Wednesday, January 18, 2017

Francisca Goldsmith on Multimodal Literacy & The Alex Awards

A sneak peek into the books that will be discussed at Ready to Launch: a Panel of YA Lit and The Alex Awards on January 28, 2017 at Bear Pond Books:
Seventeenth Summer, by Maureen Daly (originally published 1942, current edition Simon Pulse, 2010)

Imani All Mine, by Connie Rose Porter (Houghton Mifflin, 1999)

Stiff: The curious lives of human cadavers, by Mary Roach (WW Norton, 2003)

My Jim, by Nancy Rawles (Crown, 2005)

My Friend Dahmer, by Derf Backderf (Abrams, 2012)

Bellweather Rhapsody, by Kate Racculia (Houghton Mifflin, 2014)

Those Who Wish Me Dead, by Michael Koryta (Little Brown, 2014)

The Terrorist's Son: A story of choice, by Zak Ebrahim (TED Books, Simon & Schuster, 2014)

The Book of Unknown Americans, by Cristina Henriquez (Vintage, 2014)

The Unraveling of Mercy Lewis, by Keija Parssinen (Harper, 2015)

Says librarian and panelist Francisca Goldsmith:
"There are two themes running through here. First, they represent a range of adult high interest for teen on which the Alex Awards are posited. Second, these specific titles speak to the flexibility of enjoying books, as some of these have been recorded as really excellent audiobooks, others have become movies, and there are fiction, nonfiction, and graphic novel (in this case, nonfiction) among the 10. I'll be talking to both these points."

She will also talk about multimodal literacy, and will note two audiobook initiatives, SoundLearning APA, and AudiobookSYNC, both of which she is deeply involved in developing and coordinating.

Goldsmith is the author of half a dozen professional books including, for this audience's possible interest, The Readers' Advisory Guide to Graphic Novels, which is coming out in its second edition next month (ALA Editions).

Monday, January 16, 2017

What Are The Alex Awards?

The Alex Awards are given annually to ten adult books published in the previous year that have high appeal for readers ages 12-18.  They are named in honor of Margaret “Alex” Edwards, who was a champion of what was in her era the new field of young adult library services.  Selections are made by a committee of nine librarians who spend the year culling recently published books for possibilities, narrowing those down into nominated titles, and analyzing their merit in group discussions. The ten award books and a list of vetted titles are then chosen by vote.  

Why have an award that highlights this niche? Although Young Adult literature has flourished in recent years, there are plenty of teen readers who for a variety of reasons are more drawn toward books published for adults.  There are the readers who read so much that they’ve read practically every YA book so they need more material. Or there are readers who have tired of the YA “problem” novel – the dystopias, the dead or troubled parent -- or teens who don’t want to read (another) 500 page book with a dragon on the cover. They need material that is presented in a different way, even if it might still be full of strife or dragons. And reluctant readers are sometimes drawn toward adult books more than ones written for their age group.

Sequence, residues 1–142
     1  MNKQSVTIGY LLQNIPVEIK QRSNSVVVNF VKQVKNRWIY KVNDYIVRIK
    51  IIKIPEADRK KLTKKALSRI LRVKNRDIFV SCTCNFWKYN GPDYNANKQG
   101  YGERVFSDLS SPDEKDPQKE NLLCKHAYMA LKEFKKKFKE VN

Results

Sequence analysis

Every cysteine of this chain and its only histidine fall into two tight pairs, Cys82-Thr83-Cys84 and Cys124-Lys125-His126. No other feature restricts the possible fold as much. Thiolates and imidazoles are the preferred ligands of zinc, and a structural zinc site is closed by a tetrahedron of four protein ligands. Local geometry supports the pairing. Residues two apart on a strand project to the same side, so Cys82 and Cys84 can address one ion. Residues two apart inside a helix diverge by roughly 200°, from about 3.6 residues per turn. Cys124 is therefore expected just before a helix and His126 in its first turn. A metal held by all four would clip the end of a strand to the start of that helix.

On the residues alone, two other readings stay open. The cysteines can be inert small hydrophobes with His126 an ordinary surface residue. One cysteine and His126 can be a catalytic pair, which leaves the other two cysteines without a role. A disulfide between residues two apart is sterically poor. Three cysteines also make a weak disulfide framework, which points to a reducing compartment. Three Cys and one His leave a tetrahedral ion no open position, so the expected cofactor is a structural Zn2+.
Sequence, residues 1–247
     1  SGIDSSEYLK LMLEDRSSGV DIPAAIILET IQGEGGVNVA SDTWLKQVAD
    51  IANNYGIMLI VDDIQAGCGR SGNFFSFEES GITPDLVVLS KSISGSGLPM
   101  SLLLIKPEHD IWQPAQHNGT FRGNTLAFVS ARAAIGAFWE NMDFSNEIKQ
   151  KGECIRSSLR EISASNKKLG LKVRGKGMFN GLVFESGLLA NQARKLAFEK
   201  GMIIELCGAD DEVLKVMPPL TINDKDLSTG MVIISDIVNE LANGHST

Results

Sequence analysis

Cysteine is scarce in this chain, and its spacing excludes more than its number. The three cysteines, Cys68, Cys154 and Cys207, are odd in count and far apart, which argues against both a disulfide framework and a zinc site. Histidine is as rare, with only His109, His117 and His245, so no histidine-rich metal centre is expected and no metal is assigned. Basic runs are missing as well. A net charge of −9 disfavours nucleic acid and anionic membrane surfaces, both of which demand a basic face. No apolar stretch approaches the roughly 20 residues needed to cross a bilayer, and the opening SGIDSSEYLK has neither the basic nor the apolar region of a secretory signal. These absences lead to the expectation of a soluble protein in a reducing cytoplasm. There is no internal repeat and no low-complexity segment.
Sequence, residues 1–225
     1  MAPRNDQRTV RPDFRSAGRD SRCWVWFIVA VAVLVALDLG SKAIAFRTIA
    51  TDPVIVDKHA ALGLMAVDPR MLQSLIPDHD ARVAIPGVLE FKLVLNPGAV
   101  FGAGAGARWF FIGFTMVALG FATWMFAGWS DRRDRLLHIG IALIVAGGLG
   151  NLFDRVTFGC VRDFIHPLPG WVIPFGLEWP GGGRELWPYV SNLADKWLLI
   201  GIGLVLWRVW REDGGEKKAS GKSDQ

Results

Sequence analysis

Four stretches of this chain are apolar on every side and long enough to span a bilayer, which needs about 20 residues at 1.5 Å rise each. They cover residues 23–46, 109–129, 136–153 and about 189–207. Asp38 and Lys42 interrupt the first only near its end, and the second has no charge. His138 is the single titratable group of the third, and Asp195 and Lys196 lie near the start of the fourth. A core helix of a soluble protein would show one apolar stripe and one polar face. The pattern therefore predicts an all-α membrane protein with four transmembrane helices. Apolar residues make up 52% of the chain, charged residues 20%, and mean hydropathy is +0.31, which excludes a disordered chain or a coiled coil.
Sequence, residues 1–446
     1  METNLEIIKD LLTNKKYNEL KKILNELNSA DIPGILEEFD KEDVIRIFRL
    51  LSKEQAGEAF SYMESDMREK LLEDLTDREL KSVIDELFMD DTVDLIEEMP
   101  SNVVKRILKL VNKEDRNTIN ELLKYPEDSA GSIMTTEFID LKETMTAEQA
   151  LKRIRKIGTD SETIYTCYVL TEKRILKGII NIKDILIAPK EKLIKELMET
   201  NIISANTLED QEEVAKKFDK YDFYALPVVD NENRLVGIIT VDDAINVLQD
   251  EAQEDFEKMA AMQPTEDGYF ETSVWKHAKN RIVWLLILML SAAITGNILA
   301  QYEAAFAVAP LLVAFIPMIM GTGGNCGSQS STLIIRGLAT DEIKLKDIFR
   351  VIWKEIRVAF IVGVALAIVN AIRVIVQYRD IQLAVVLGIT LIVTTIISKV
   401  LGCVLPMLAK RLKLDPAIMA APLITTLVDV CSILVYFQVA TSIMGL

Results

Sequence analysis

The Alex Awards are a useful tool for those readers and the parents, teachers, and librarians who help connect them with books. Being an “Alex” means a book has met with hours of critical reading and discussion by librarians who work with youth. Part of the vetting process also often includes asking teen readers to give feedback on the books as a way to ensure that the appeal is not just what adults think teens “should” like.  Because Alex books cover a wide spectrum of genres, formats, topics, and styles, readers with diverse taste are likely to find something on the list that piques their interest. Books with appeal for this age group play an important role in cultivating lifelong readers as school gets more demanding and responsibilities and distractions of adult life threaten to overshadow the rewards of recreational reading.

The Alex Awards kick off the Youth Media Awards each year at the American Library Association Midwinter conference. Full of suspense and oohs and ahs as the announcements lead up to the big reveal of the Newbery Award winner, this event is a must-see for youth literature geeks. Super fun and live-streamed bright and early January 23rd this year.

by Joy Worland

JANUARY 28, 2017, 11:00 am to 12:00 pm: Join librarians and Alex Awards committee members Joy Worland (Montpelier, Vt.) and Francisca Goldsmith (Portland, Maine), and YA/Middle Grade author Aaron Starmer, for a panel discussion on reviewing books for this award as well as a talk about writing for and expanding the world of literature for teens.

This Bear Pond Books Educator Series event is free and open to the public. Click Here to register.

Aaron Starmer is the author of numerous novels for young readers, including "The Only Ones" and "The Riverman." His newest novel "Spontaneous" (Dutton Books for Young Readers, 2016) is a TIME magazine Top 10 YA & Children's Book of 2016! He lives in Vermont with his wife and daughter.